The Fed, Interest Rates and Monetary Policy
Today’s post is the first of a two-part series on how the Federal Reserve influences interest rates.
Many people know that the Federal Reserve affects interest rates. However, many may not know exactly how the Fed does that. An article in The Regional Economist discusses the various interest rates the Fed sets.
Vice President and Economist Stephen Williamson discussed three interest rates the Fed sets, either as a target or by administrative fiat:
- The federal funds rate, which is the interest rate financial institutions charge when they lend to other institutions overnight
- The discount rate, which is the interest rate charged by the Fed when it lends to commercial banks in its role as lender of last resort
- The interest paid by the Fed on reserves held by banks, which are essentially checking accounts for financial institutions
Monetary Policy and the Channel System
Williamson explained that, prior to the financial crisis, the Fed conducted monetary policy using what economists call a channel system. The discount rate was the upper limit, the interest rate on reserves was the lower limit, and the fed funds rate was targeted in between. (It should be noted that the Fed couldn’t pay interest on reserves until late 2008, so the lower limit was zero.)
As Williamson pointed out, if the fed funds rate went above the discount rate, then institutions could borrow from the Fed more cheaply than from other institutions. Similarly, if the fed funds rate went below the interest paid on reserves, no bank would lend to another when it could get a higher return by lending to the Fed.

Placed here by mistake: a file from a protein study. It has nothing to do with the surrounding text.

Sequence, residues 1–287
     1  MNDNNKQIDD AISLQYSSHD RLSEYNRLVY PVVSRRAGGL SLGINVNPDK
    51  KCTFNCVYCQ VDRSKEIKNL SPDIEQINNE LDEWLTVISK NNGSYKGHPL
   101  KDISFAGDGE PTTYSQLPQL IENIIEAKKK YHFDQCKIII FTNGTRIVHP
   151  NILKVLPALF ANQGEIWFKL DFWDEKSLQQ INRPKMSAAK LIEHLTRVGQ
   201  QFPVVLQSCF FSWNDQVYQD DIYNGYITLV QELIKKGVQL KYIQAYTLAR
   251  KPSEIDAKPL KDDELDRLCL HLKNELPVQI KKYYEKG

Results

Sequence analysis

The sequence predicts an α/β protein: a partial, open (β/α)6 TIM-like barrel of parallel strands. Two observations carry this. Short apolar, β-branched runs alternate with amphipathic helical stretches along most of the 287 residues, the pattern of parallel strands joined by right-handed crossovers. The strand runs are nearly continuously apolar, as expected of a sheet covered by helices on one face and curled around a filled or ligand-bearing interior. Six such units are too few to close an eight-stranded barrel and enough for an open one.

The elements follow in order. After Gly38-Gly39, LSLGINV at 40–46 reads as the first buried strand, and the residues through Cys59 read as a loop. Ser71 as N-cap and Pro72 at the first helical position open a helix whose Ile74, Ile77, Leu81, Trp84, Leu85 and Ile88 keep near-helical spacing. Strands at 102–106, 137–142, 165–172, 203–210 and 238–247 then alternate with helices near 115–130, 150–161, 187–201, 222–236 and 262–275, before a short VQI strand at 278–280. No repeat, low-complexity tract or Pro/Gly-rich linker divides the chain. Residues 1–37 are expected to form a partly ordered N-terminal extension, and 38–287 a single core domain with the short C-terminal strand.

The Move to the Floor System
According to Williamson, the details of how the Fed conducts monetary policy changed in important ways between 2007 and now. In particular, two things happened:
- As previously mentioned, the Fed began paying interest on reserves.
- The Fed purchased lots of assets (such as U.S. Treasuries and agency mortgage-backed securities) through quantitative easing, which led to a large increase in the stock of reserves.
He noted that the large stock of reserves implies that monetary policy works within a floor system now, rather than a channel system, and that the interest rate on excess reserves (IOER) plays a key role. In principle, the Fed could achieve its fed funds rate target by simply setting the IOER.
He wrote: “If the fed funds rate were lower than the IOER, then banks would be able to make a profit from borrowing on the fed funds market and lending to the Fed at the IOER, thus forcing up the fed funds rate. If the fed funds rate were higher than the IOER, then a bank wanting to lend would earn more interest on the fed funds market than by lending to the Fed at the IOER. The large demand for fed funds would then force the fed funds rate down.”
However, theory and reality aren’t agreeing. Tomorrow’s post will examine what has actually happened and describe the adopted solution: a floor with a subfloor.
- Regional Economist: Interest Rate Control Is More Complicated Than You Thought
- On the Economy: Why Does China Have Large Foreign Exchange Reserves?
- On the Economy: The Great Recession’s Effect on the Federal Budget